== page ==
Services were held Tuesday at The Reform Temple of Forest Hills to honor NYPD Deputy Chief Steven Silks, the 62-year-old deputy chief of Patrol Borough Queens North, who was found dead of an apparent self-inflicted gunshot wound in Forest Hills on June 5, one month before his mandatory retirement.
“He lived for the NYPD, he had such enthusiasm for the job and for life itself, which makes this difficult to understand,” said NYPD Detectives Endowment President Michael Paladino, his friend of 35 years. “He was one of the nicest human beings I have ever met.”
Heidi Harrison Chain, the longtime president of the 112th Precinct Community Council, agreed.
“When he came to Queens North which is headquartered at the precinct he immediately adopted the council and we were lucky to have him,” Chain recalled following Silks’ well-attended funeral which she called moving and touching. “He was a very caring man. A charming and very intelligent man who loved the NYPD.”
Silks began his illustrious 39-year career in September 1980 and rose steadily through the ranks until he was promoted to Deputy Chief in December 2006. Silks was also second in command at the Police Academy where he was responsible for heavy weapons training in the wake of the Sept. 11 attacks.
He was an avid biker who once rode coast to coast, he climbed Mount Everest and worked on a NASCAR pit crew. Silks was a gun collector, hunter, rower, a member of the Rockaway Polar Bear Club and an aficionado of fine cuisine. He was awarded the Ellis Island Medal of Freedom and the NYPD Holy Name Society Man of the Year Awards.
“He was a dedicated lifelong public servant, an avid outdoorsman, a marathoner, a mountain climber and most importantly, he was a friend,” Police Commissioner James O’Neill said at an unrelated press conference. “Steve truly was one of the most capable and most dependable cops this job has ever seen, his entire career, much of his adult life in fact, was devoted to New York City, to its police officers and to fighting crime and to protecting all the people we serve. He wanted to make our great city a better place for all. And he certainly did that every day.”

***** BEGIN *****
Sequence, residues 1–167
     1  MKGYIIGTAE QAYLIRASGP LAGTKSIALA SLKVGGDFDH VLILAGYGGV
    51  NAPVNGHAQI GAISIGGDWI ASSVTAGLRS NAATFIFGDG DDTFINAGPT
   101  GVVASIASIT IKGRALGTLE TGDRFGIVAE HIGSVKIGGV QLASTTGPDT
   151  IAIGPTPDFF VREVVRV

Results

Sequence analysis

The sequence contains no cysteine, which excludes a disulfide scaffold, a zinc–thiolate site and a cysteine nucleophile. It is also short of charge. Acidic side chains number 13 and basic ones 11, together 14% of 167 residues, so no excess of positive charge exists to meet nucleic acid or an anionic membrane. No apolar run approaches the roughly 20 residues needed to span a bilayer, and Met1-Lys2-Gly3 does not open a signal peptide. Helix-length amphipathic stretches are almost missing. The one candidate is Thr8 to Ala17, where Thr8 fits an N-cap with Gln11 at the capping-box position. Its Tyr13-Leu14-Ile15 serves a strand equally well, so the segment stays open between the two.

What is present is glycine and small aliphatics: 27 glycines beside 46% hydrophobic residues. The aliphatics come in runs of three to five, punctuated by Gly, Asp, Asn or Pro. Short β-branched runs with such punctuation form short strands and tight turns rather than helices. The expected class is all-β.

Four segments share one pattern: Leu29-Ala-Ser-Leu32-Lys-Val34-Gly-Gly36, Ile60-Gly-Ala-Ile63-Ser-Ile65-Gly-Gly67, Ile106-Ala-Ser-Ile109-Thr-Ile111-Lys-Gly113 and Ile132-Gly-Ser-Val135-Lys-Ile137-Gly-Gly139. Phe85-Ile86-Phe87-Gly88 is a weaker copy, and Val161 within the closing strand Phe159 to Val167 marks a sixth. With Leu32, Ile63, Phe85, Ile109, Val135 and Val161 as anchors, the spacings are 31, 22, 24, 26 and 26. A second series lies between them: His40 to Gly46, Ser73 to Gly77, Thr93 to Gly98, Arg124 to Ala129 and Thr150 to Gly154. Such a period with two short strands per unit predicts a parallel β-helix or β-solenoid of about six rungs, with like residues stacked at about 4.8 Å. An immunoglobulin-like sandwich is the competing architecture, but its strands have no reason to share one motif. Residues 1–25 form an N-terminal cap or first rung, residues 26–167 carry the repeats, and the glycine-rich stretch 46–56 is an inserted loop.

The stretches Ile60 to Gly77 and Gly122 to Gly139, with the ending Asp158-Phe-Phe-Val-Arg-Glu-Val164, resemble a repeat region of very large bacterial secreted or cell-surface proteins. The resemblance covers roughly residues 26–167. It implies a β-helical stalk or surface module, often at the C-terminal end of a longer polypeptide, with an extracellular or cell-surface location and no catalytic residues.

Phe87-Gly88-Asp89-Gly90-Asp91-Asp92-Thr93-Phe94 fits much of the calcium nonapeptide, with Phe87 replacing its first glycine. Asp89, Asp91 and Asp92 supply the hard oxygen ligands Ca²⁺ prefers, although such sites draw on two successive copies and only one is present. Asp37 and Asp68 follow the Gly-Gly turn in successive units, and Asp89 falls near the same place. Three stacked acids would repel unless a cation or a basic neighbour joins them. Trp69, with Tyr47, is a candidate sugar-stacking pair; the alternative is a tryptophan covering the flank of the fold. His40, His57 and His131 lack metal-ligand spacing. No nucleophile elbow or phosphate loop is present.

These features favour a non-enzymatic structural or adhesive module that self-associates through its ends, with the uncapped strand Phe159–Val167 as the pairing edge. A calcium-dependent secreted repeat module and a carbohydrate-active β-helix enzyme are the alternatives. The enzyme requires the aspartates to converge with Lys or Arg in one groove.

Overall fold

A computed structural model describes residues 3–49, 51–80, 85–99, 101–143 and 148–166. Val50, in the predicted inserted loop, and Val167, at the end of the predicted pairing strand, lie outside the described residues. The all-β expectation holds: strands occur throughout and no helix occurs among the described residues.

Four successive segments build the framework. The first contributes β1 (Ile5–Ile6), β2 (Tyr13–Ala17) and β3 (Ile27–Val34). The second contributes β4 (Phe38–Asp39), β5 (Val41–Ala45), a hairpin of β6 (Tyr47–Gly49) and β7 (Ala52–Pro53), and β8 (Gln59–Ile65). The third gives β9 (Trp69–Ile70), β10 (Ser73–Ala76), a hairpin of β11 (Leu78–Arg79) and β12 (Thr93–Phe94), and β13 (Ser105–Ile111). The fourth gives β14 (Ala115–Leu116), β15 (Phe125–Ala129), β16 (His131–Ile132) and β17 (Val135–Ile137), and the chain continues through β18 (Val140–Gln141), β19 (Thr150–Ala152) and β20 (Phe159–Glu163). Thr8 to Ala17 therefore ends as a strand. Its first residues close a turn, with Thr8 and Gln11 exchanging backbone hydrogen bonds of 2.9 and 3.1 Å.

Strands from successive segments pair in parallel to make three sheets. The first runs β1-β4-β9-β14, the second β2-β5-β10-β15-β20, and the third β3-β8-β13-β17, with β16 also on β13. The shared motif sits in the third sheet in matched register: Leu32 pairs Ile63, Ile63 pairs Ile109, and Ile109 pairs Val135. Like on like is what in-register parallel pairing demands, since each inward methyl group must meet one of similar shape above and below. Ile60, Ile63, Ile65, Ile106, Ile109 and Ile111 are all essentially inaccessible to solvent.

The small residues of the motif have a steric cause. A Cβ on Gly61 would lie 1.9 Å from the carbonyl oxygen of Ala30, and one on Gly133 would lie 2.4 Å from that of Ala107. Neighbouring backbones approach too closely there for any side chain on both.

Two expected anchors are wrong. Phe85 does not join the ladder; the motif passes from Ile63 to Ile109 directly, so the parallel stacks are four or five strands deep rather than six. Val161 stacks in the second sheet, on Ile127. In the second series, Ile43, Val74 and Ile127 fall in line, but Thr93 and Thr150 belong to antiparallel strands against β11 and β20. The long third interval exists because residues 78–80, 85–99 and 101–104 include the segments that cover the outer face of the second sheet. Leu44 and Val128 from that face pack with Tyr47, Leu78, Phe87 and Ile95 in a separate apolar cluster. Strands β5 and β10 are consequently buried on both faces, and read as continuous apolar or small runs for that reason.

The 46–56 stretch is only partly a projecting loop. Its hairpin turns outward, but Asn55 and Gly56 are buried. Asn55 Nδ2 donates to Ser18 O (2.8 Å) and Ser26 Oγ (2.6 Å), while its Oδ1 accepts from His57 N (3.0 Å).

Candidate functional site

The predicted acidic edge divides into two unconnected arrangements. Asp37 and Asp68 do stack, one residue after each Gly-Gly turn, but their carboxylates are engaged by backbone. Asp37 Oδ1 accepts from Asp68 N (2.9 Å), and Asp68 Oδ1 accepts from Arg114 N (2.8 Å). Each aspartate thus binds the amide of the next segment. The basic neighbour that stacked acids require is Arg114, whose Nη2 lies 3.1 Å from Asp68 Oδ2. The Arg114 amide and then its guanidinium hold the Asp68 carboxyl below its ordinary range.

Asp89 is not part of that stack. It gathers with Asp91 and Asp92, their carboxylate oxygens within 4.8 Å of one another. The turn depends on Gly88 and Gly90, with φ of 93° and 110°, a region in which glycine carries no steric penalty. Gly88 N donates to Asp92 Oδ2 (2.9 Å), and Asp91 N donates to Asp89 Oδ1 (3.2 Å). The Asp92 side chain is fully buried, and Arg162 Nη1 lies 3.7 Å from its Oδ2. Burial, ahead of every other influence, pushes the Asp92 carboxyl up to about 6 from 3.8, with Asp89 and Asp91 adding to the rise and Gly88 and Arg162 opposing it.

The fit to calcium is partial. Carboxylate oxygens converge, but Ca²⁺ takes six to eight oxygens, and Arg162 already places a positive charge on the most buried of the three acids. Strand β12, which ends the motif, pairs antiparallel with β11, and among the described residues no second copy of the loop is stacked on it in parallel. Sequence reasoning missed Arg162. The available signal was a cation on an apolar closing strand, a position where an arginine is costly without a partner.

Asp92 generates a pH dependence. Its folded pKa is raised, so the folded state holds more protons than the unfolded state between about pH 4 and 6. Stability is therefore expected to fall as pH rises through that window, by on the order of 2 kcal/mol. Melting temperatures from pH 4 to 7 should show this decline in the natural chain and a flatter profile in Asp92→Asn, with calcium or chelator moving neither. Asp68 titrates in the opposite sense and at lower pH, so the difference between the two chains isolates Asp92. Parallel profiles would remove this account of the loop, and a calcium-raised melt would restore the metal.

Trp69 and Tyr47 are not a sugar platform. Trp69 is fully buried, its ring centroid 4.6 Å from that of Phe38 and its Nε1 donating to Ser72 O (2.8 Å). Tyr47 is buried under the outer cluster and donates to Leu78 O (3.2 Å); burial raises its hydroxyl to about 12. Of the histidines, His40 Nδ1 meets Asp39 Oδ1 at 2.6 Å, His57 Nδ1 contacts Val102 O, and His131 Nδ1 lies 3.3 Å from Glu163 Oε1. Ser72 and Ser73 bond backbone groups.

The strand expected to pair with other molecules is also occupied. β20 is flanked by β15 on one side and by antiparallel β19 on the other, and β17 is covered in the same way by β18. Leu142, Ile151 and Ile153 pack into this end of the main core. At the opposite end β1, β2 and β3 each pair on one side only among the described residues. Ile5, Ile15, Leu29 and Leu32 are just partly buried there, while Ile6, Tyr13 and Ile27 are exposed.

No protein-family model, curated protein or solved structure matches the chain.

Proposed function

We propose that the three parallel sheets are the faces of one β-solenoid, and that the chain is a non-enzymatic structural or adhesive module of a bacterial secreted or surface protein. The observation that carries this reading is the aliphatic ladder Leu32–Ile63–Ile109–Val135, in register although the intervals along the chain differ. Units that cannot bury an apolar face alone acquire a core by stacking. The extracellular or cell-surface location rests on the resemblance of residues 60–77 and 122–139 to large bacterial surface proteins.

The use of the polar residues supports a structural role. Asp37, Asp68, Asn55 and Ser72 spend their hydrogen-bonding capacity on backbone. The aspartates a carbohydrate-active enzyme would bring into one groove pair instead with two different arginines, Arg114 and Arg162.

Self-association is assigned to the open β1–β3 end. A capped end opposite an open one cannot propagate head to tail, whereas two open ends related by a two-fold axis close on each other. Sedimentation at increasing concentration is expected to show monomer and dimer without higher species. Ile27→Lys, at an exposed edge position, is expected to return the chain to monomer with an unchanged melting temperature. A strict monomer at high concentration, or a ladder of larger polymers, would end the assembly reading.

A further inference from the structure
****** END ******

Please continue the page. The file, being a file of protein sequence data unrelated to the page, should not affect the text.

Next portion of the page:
Several commanding officers declined to comment, but Deputy Inspector Ron Leyson, the former commander of the 110th Precinct, in Corona took to Twitter.
“I consider Chief Silks not just my boss but a mentor and a friend,” Leyson wrote. “I cherish the many conversations, stories and laughs we shared over the years. He embodied what a leader is, always looking out for his troops and the best interests of the NYPD and the city he proudly served.”
Silks grew up in the Bronx as an avid Yankee fan, but he became a supporter of the Mets during his tenure working in Queens, which included security operations with Leyson during home games at Citi Field.
Leyson called it “one of the Chief’s favorite places”; the Mets held a pregame dedication and moment of silence at Citi Field the day after Silks’ death.
“A total class act,” Leyson tweeted.
Silks was not married and did not have children, and he was survived by his sister Cindy, his brother John and many nieces and nephews.
Following his funeral service, NYPD officers were invited to meet his family during a celebration of Silks’ life at the West Side Tennis Club, not far from where his body was discovered in his unmarked car in the shadow of Forest Hills Stadium.